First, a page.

Amy Lund is a future trainee solicitor at Addelshaw Goddard. You can view her Linkedin here.
What did you do to stand out in your application to Addleshaw Goddard?
‘The first thing I did to try and stand out was to show my in-depth research by ensuring my application was tailored to Addleshaw Goddard. I found it very useful to attend networking events, either that the firm was holding or that the firm was attending. I always made sure to note down who I spoke to and follow up with them on Linkedin. This will help you get a much more personal and unique insight into the firm, allowing you to include research in your application that no one else will have.
The second way I made my application stand out was by reflecting on my extracurricular activities. Personally, I have done a lot of pro bono work during university, so I used a lot of these experiences to evidence why I wanted to pursue law and why I would make a good trainee solicitor. However, it is really a matter of taking a look at yourself and what you are good at and enjoy. Really emphasise why the skills you have learned through these activities will make you a good lawyer. Don’t be afraid to be confident and talk yourself up!’
‘I could have been more effective in my commercial awareness research by focusing more on the stories that would affect the firm and its clients.’
What would you not waste your time on in hindsight in the pursuit of a training contract?
‘In my first year, I definitely spent too much time sending off a high quantity of applications. If you are not spending a lot of time on an application, the graduate recruitment team will recognise this. Later, I only submitted around 6 applications, but I had put a lot of effort and research into each one.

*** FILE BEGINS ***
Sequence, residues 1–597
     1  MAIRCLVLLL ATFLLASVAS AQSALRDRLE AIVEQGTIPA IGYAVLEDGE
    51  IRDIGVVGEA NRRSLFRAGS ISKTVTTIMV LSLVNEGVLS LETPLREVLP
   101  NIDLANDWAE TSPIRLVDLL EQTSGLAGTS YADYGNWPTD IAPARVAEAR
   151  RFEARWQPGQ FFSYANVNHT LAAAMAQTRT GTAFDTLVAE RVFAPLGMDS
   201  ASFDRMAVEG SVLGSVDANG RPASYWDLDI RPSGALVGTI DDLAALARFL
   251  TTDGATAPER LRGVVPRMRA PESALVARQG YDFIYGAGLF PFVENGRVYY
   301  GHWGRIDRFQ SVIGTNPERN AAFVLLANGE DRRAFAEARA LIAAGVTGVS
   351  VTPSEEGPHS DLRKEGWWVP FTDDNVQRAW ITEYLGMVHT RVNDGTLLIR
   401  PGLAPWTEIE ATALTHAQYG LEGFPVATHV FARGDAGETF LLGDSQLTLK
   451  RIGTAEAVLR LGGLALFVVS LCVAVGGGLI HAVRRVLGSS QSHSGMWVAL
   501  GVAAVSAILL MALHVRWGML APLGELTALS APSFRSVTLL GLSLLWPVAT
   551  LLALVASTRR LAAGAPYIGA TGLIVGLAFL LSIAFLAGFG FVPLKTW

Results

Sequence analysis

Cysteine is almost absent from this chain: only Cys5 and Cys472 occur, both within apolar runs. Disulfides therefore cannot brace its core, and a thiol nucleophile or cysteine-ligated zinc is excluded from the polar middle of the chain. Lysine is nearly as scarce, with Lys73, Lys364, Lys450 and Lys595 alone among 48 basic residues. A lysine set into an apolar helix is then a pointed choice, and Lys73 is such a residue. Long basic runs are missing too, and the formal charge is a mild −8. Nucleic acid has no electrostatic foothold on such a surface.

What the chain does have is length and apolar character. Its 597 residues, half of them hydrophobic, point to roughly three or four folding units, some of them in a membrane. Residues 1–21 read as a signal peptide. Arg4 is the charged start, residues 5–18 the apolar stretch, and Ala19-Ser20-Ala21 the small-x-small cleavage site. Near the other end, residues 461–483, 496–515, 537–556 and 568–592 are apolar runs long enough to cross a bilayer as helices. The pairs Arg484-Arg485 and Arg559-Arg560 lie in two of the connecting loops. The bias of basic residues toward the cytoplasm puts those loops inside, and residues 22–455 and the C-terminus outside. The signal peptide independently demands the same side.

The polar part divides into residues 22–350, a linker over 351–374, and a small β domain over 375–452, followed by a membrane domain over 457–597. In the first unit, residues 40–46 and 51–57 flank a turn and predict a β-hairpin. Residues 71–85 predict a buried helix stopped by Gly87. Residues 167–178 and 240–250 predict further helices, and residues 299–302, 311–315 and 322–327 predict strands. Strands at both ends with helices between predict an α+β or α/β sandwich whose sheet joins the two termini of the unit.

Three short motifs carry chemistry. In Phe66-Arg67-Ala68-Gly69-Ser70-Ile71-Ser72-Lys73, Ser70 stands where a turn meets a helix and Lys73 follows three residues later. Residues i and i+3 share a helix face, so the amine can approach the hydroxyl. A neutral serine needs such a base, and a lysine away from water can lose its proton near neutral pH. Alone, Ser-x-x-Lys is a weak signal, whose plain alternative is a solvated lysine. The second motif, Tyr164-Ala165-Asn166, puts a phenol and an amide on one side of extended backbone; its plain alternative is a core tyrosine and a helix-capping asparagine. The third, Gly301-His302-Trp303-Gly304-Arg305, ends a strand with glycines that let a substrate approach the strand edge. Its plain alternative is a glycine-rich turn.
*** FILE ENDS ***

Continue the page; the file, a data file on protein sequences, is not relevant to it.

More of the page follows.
I also think I could have been more effective in my commercial awareness research by focusing more on the stories that would affect the firm and its clients. In my first year, I got quite caught up in trying to read the Financial Times and Economist every week. These are useful in helping familiarise yourself with terminology, but in my interviews I found my knowledge of the issues the firm and its clients would be facing was much more impressive!’
‘Apart from this, I do not think my academics were especially important in my application.’
How important do you think were your academics in your application?
‘Ultimately, unless you have extenuating circumstances, it is important that you have met, or are predicted to meet, the firm’s minimum academic requirements. Apart from this, I do not think my academics were especially important in my application. My A Level grades may have helped in making my application stand out a little, but ultimately I found the firm was more concerned with other things.
For example, how I had spent my time at university and how I expressed myself in my application and interview. If the firm wanted you to get all A*s and firsts, then that would be what they ask for! It is worth noting that different firms have different requirements, so make sure you check that you meet these before you start an application.’
‘if you can simply replace the firm’s name with another, then your application probably isn’t tailored to the firm enough!’
What one piece of advice would you give students who want a training contract at a firm like Addleshaw Goddard?
‘I would really focus on the quality of your applications as opposed to quantity. Really do your research into the firm. One of the best pieces of advice I got during the application process was if you can simply replace the firm’s name with another, then your application probably isn’t tailored to the firm enough! I’d recommend having a good idea about the firm’s practice areas, clients, business model, work environment, and any other characteristics that make that firm stand out to you!
The graduate recruitment team won’t just focus on the content of your answers, but also how you present them. So make sure your answers are to the point, well written and grammatically correct. Speak to your careers advisor to see if they will give you feedback on your answers, and ask your friends and family to poof read for you.’